May 16, 2017
When I last wrote you two months ago, we were just beginning our plans for Making the Road travel seminars to Southern Africa and Cuba this summer. I'm pleased to report that I will be leaving with the first group to South Africa and Namibia on June 5, and to announce that applications are now open for a seminar to Cuba focused on the Right to Health for mid-August.
In this time when both "fake news" and real-life changes are moving at ever faster velocities, we need to respond to immediate issues. But we also need to draw strength from each other and from a long view that takes in both our past and our future visions as well as today's crises.
That's why I am asking you again for support to ensure that Making the Road can continue to do its part in making these connections, both across generations and across national borders. You can do so by going to http://tinyurl.com/lutacontinua to donate. Be sure to choose the designation for Making the Road. You can also send a check, made out to the South Africa Development Fund and designated for Making the Road, to SADF, 555 Amory Street, Boston, MA 02130.
In each case, MTR is bringing together experienced professionals and activists with young people who are at the beginning of their professional and activist careers. Each year is somewhat different, but I am confident from experience about the outcome. Openness to dialogue, learning from each other and those we meet on our travels, will re-inspire me, educate us all, and lead to lasting connections across borders.
This summer the group going to Southern Africa includes three racial justice activists from Chicago, with many decades of experience in fighting police torture and other abuses, as well as one of my students from Columbia College and one from Dr. Anita Plummer's African studies classes at Howard University. The travel seminar will begin with a day of orientation sponsored by the African Studies Department at Howard University.
I will be leading the travel seminar to Cuba together with Dr. Luxme Hariharan, who has extensive experience in ophthalmology and public health in Latin America. We will not only examine health issues but also explore the musical ties between the Americas and Africa, with the assistance of my student Andrea Meza, just graduated from Columbia College, where she worked at the Center for Black Music Research. And there will be an orientation day at Village Leadership Academy. For more details see the announcement, which will also soon be available on the Making the Road website.
Anita and Andrea were on last year's seminar to South Africa and Mozambique. I could go on and on about other connections made over the years, but I must bring this letter to a close. So just one more example: From last year's trip by a group largely composed of progressive lawyers, continuing ties with an art collective in Khayelitsha and an art school in central Johannesburg resulted in a visit this month by several of the South African artists to the Bay Area in California.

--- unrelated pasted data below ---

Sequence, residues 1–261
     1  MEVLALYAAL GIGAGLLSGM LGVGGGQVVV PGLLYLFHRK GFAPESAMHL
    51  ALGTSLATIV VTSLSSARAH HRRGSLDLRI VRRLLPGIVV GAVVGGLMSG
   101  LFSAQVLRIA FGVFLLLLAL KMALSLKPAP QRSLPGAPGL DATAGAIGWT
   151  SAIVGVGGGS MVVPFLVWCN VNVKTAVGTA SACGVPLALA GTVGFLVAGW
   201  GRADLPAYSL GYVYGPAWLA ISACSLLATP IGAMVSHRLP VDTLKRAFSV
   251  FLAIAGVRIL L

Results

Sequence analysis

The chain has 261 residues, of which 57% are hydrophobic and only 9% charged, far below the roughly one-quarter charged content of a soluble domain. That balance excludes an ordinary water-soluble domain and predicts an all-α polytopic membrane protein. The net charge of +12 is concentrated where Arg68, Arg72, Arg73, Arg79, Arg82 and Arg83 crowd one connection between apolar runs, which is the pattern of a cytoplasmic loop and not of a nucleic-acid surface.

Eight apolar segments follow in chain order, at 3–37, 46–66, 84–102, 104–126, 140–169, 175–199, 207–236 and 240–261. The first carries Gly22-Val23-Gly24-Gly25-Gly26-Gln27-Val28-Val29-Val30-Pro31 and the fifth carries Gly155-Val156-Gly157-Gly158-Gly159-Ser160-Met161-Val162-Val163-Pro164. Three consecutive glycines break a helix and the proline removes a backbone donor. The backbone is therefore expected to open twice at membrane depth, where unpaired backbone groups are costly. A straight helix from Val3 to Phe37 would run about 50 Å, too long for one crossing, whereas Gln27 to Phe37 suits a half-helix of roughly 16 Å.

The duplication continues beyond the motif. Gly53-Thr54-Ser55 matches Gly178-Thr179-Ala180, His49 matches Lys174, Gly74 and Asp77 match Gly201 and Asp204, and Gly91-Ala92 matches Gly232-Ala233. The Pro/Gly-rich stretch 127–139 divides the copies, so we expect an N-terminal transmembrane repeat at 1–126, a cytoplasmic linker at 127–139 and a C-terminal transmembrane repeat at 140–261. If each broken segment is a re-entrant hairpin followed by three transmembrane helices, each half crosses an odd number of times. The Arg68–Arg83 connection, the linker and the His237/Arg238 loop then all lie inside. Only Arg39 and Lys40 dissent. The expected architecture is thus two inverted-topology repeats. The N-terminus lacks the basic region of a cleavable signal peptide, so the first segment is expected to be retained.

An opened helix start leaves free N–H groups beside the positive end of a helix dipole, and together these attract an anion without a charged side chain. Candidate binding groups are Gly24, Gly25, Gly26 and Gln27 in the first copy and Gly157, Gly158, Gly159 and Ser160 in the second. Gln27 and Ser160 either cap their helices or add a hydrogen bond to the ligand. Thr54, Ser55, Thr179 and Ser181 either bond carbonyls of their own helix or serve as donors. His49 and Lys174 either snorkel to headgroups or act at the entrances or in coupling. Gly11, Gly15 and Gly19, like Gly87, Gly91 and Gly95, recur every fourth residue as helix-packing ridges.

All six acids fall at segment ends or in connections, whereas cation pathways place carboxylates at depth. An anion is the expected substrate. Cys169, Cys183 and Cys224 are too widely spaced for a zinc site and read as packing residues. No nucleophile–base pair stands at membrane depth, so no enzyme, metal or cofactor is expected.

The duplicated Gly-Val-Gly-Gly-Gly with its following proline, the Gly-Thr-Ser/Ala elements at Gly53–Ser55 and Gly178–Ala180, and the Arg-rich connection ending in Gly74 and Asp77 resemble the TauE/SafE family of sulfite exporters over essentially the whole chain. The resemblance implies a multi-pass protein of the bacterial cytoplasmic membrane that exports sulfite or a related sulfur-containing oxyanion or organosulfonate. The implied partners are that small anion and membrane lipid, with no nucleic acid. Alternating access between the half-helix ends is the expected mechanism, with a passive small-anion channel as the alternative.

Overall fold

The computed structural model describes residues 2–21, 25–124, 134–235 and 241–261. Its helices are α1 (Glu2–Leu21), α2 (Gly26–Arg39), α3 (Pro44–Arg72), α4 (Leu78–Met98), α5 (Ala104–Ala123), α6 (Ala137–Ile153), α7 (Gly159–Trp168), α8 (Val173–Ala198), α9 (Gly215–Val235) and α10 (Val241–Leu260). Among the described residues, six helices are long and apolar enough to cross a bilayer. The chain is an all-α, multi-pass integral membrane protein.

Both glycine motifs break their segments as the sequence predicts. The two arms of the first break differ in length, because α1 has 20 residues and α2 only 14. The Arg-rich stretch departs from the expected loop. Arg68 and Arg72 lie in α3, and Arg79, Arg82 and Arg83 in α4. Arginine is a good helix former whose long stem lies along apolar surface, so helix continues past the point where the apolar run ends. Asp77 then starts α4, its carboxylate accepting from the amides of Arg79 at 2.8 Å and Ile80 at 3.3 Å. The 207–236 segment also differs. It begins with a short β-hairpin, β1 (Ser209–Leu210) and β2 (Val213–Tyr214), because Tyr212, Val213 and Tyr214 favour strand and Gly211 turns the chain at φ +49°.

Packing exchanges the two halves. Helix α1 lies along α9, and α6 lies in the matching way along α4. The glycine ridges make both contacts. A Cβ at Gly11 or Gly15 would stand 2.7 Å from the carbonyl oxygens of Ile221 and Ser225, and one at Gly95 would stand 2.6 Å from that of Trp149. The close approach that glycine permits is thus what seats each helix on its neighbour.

But back to the bottom line: the resources to make these seminars happen. Such a mix of participants last year was only possible because of your support to supplement that raised by the participants themselves. The first seminar this June, to Southern Africa, costing approximately $30,000 for the entire group, is more than 75% funded by the participants themselves, but we still need approximately $5,000 in the next few weeks to cover the costs of discounts provided to student participants. And we will need additional funds for scholarships to support younger participants in the Cuba seminar and for me to extend my stay to respond to speaking engagements in Southern Africa.
So I am asking those of you who have not yet done so this year to go to http://tinyurl.com/lutacontinua to donate, and choose the designation for Making the Road. You can also send a check, made out to the South Africa Development Fund and designated for Making the Road, to SADF, 555 Amory Street, Boston, MA 02130.
A luta continua,
P.S. Many of you, like me, knew and learned from, Ahmed ("Kathy") Kathrada, one of the titans of the South African liberation struggle, who died on March 28 at the age of 87. Like his prison companion Nelson Mandela, he never let his stature obscure his readiness to respect and reach out to anyone he met. At the memorial service for him at St. George's Cathedral, Cape Town, one of the most moving tributes was from a young activist with #FeesMustFall (https://www.youtube.com/watch?v=BO6j9VKlfYc).
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